The best nature writing on insects ever, as well as some of the best all-around nature writing. Fabre is the naturalist whose observations most impressed Darwin. Exceptional.— Ty
Jean Henri Fabre, nineteenth-century French entomologist and author of the massive Souvenirs Entomoligies, has inspired perhaps more modern writer/naturalists than any other chronicler of the natural world. Edwin Way Teale's selection of the most compelling of Fabre's writing makes The Insect World of J. Henri Fabre the essential edition of the writer Darwin called "the incomparable observer."
About the Author
Jean Henri Fabre, nineteenth-century French entomologist and author of the massive Souvenirs Entomoligies, has inspired perhaps more modern writer/naturalists than any other chronicler of the natural world.
"The writings of Fabere are classic because they compose an accurate natural history of creatures all around us, written in a vivid personal style that will never grow old or tired." —E.O. Wilson
"This is beautiful, knowledgeable prose." —Annie Dillard, from On Nature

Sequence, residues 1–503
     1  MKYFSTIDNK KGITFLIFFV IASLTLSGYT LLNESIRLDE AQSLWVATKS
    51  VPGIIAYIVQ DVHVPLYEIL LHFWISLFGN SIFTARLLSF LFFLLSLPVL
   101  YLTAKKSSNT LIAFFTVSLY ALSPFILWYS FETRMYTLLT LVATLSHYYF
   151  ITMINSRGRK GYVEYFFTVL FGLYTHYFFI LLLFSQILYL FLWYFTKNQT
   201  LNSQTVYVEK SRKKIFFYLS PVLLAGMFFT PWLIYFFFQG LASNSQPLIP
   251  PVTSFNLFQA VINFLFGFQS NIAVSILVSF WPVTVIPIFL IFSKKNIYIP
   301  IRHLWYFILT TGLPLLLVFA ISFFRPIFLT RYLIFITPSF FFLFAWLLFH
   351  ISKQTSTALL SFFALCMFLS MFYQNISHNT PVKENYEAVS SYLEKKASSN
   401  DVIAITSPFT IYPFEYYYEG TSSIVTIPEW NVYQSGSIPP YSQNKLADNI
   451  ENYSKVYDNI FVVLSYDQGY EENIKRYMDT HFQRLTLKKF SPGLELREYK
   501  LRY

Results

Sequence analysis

"Fabre could write about his discoveries simply and beautifully so that even people who did not understand anything about entomology could appreciate them." —Gerald Durrell
"What makes Fabre interesting as a writer is his unabashed emotional involvement in the behavior of his subjects. He is no cold, aloof observer, but a man who is at once fascinated and repelled by the gap between human values and reason and the blind, amoral strategies or instinct. His descriptions of how insects conduct their lives read at once as factual natural history and moral parables—but parables modern in their recognition that there are no parallels for human ethics in nature." —Robert Finch and John Elder, from The Norton Book of Nature Writing